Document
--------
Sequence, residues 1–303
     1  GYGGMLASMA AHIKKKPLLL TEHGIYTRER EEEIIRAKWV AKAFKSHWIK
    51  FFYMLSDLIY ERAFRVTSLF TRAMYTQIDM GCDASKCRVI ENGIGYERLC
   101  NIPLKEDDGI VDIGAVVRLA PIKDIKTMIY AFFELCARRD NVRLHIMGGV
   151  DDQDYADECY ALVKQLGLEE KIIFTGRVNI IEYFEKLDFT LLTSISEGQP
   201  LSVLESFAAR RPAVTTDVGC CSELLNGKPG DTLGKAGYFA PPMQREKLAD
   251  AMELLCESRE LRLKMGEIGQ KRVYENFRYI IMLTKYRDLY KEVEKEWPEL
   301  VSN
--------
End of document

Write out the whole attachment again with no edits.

Sequence, residues 1–303
     1  GYGGMLASMA AHIKKKPLLL TEHGIYTRER EEEIIRAKWV AKAFKSHWIK
    51  FFYMLSDLIY ERAFRVTSLF TRAMYTQIDM GCDASKCRVI ENGIGYERLC
   101  NIPLKEDDGI VDIGAVVRLA PIKDIKTMIY AFFELCARRD NVRLHIMGGV
   151  DDQDYADECY ALVKQLGLEE KIIFTGRVNI IEYFEKLDFT LLTSISEGQP
   201  LSVLESFAAR RPAVTTDVGC CSELLNGKPG DTLGKAGYFA PPMQREKLAD
   251  AMELLCESRE LRLKMGEIGQ KRVYENFRYI IMLTKYRDLY KEVEKEWPEL
   301  VSN